UK “Fracking” to begin… on the fly.

There’s more than one way to skin a cat, as the saying goes, and it seems that the UK government has heeded that fable very subtly.

Without pomp or fanfare, and entirely avoiding the procedural, political, and societal debate that fracking a land based well in the UK would bring, a well in North Lincolnshire is about to be subjected to what is known as a ‘proppant squeeze’.

The well, at a site near Brigg, will be rejuvenated by squeezing proppant at high pressures to fracture the rock formation and hold those fractures open.  This process allows oil and gas that couldn’t normally flow naturally from the hydrocarbon accumulation to freely migrate to the well and onwards to surface for production and separation.

So what is the difference between a proppant squeeze and hydraulic fracturing (fracking)?  Well… erm… not an awful lot, actually.  It’s classified as well maintenance or renaissance, and is carried out in a fully completed well, but it’s essentially the same.  That is, pumping thousands of gallons of hydrated sand slurry into the well to fracture the oil or gas bearing rock formation deep underground.

The key difference in comparison to true hydraulic fracturing is volume and pressure, with a proppant squeeze requiring less pressure and less water to achieve exactly the same goal as hydraulic fracturing.  It’s a very clever political move to get fracking kick-started, almost cynical actually.  The operation is being dressed as well preparation / rejuvenation, with the goal being to maximize production without a neo-classical frack operation being carried out.  And if it’s successful and without incident, which it probably will be, then the naysayers will be chased out of town by men in Armani suits should another ill word be said of the innocence that is fracking.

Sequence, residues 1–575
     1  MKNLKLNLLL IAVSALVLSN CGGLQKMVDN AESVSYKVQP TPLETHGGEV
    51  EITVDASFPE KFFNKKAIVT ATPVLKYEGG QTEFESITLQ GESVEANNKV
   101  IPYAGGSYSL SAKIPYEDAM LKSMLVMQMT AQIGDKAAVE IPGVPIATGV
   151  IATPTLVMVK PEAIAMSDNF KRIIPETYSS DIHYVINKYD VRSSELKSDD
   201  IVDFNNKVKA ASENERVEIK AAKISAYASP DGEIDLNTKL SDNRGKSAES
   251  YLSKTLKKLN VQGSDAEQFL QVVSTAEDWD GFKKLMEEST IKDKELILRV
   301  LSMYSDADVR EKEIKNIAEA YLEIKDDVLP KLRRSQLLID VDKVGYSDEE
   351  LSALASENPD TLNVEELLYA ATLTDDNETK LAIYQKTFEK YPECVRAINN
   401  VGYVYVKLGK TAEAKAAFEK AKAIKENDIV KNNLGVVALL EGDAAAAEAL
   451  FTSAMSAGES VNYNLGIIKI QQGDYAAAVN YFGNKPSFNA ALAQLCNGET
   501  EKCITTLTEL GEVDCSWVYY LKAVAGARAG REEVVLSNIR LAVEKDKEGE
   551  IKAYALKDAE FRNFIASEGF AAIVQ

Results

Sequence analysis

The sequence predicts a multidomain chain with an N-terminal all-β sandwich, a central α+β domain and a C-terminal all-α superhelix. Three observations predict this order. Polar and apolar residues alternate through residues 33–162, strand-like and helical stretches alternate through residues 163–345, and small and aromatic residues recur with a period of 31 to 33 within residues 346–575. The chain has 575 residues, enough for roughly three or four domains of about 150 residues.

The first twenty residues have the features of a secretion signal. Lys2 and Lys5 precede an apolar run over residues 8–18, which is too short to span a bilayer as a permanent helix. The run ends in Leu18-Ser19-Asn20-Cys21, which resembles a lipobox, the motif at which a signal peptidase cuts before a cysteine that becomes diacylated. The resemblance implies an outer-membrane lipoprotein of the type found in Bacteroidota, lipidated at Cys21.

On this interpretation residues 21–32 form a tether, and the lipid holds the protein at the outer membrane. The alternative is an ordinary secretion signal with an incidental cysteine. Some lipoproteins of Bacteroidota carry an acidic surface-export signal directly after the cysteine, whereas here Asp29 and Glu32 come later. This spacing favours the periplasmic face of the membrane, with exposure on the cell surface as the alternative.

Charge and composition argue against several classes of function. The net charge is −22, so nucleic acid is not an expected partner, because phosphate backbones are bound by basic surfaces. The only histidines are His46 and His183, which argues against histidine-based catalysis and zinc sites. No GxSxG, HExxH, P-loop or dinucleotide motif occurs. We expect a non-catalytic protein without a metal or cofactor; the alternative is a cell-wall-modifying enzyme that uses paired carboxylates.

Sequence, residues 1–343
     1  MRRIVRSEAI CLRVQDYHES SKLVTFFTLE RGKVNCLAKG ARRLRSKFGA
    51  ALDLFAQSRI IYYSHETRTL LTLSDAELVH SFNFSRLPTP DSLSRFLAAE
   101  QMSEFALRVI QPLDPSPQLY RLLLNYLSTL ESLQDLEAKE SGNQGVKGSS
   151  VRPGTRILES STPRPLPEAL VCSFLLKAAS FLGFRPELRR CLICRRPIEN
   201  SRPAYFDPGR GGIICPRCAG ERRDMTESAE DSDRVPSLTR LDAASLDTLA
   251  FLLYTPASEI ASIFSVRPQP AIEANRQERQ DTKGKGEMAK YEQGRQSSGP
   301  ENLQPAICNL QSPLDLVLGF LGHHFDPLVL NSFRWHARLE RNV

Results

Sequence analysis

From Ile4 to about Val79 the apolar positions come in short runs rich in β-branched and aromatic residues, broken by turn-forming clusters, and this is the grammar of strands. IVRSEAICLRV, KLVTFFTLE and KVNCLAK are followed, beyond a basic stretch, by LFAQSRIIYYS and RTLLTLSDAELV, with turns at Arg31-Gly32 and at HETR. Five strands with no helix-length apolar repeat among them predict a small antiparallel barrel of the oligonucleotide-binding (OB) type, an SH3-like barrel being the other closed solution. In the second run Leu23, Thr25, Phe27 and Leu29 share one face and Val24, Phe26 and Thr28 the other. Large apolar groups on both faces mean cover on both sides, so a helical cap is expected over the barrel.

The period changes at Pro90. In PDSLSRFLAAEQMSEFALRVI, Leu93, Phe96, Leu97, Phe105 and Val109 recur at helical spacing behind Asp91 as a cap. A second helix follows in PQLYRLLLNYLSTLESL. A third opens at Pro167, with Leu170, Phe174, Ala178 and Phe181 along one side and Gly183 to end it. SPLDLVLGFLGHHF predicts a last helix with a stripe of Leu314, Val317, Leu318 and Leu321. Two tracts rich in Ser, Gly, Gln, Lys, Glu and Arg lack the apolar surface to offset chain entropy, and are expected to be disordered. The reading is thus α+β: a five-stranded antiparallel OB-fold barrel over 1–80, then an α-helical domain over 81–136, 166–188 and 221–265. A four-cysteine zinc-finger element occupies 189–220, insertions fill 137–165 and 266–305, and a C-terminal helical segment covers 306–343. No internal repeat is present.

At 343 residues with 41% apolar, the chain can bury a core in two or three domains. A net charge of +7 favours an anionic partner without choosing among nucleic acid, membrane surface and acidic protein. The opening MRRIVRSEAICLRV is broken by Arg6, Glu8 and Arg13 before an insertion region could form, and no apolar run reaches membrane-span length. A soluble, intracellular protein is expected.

Politically, this is sly; very admirably clever, but still sly.  As I mentioned before, I have no real problem with the process of fracking, because legislation in the UK demands a stringency that is second to none across the globe.  My real concern is flare booms, as outlined in my previous post ‘Flare booms and shale: UK Fracking gets the nod’.

However, like it or not, you can feel the tide ebbing towards guided acceptance of the process, can’t you?


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Related posts:

Aberdeen, an oily black future or a resilient granite gem? It’s up to you.

Fracking in a post Brexit environment

Flare booms and shale. UK fracking gets the nod.

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  1. Yes, again acid squeezes and treatments are common in offshore wells. When it happens 500 miles from home it’s of little concern, but I can sympathise with the worries associated to land-based drilling activities. The UK is much more densely populated than the Texas outback.

    Liked by 1 person

  2. you have not mentioned the procees of acidifiaction, which involves creating hydroflouric acid deep underground which is use to melt the ash over grit and debrit around the drill head. In the reports the company states that the proceedures will be carried out ‘as many times as required’. They also intend to drill more wells as part of this application, and have another exploratory site nearby at North Kelsey. Thanks for flagging this up. I live nearby.


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